The focus group technique is a great tool for a project manager. It helps groups make decisions as a team in an efficient and positive manner. However, there's more to it than meets the eye.
What Is It?
The focus group technique is a form of qualitative research to help a team reach its goals and come to its decisions. In addition to asking what, where and when for making a group decision, it also seeks to establish the why and how of it. Within the focus group technique, the project manager heads a group decision. The individuals with the group then work towards solving problems and making decisions that will ultimately lead to the achievement of the goals of the group. In the case of project management, it would lead to a completed project.
During the focus group technique, the project manager will sometimes question all members of the working team what their opinions are on the matter at hand. It can be a sort of round-robin discussion after the opinions are drafted. From the opinions expressed, a common ground usually emerges. While it's impossible to get unanimous voting in most groups, members of the team often concede when strong points are made that are for the overall good of the group.
While the nominal group technique is more of a variation on a democratic process, the focus group technique involves more of an open-ended discussion to get to the final decision. Individuals participating in the focus group technique often feel heard and understood throughout the decision-making process.
Pros and Cons
The focus group technique works best when it's used by a group who've worked together for a long time and have a great deal of mutual respect and ambition. Individuals must be open-minded and willing to concede points when others have ideas on a project that are for the overall good of the team. Unfortunately, the focus group technique can stagnate a group that feels unsafe or unwilling to express themselves openly in a group setting. The focus group technique seeks feedback from all the individuals that form it, and that's an important part of making it work. If people are uncomfortable with it, it will not be effective for the group as a whole.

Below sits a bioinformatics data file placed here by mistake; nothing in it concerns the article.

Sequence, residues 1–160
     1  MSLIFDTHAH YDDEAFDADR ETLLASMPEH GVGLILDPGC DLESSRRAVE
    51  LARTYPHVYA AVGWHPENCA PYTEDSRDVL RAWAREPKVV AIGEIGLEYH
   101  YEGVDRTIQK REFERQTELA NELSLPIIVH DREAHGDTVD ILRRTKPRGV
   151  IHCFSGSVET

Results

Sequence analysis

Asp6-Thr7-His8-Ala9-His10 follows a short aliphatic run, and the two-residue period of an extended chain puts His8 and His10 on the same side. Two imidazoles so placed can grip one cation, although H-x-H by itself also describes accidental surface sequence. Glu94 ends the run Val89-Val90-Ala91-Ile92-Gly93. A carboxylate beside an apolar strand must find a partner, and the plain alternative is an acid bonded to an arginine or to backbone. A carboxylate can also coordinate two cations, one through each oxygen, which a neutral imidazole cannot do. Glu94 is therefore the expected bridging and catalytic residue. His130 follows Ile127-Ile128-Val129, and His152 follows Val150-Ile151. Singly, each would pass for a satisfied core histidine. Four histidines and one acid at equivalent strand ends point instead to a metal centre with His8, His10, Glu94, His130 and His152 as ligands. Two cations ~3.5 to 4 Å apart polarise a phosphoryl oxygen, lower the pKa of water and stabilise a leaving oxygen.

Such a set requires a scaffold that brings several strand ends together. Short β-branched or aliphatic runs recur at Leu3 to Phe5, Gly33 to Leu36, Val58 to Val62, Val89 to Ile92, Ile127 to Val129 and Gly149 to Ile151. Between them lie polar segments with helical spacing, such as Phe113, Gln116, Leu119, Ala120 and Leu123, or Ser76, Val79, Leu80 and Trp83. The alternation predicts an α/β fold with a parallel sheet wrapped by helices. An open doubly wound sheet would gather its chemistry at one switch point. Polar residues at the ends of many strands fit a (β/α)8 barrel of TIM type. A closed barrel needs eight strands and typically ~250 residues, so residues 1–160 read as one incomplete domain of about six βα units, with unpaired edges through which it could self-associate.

The focus group technique is preferred by many project managers, although somewhat more of the burden is placed on their shoulders during this technique. For example, if a group had gathered to discuss a decision about the overall design for a project, the project manager can start by asking all the members of the team his opinion on it, from the beginning workers to the senior staff. A project manager can weight opinions, but it's important for group morale that all be included in this initial process. This is best done in a group setting, and most members of the group will see that clear common ground emerges. A project manager who's well practiced in this will try to lead the group towards making a strong decision that most will be happy with, one that's best for the project as a whole as well.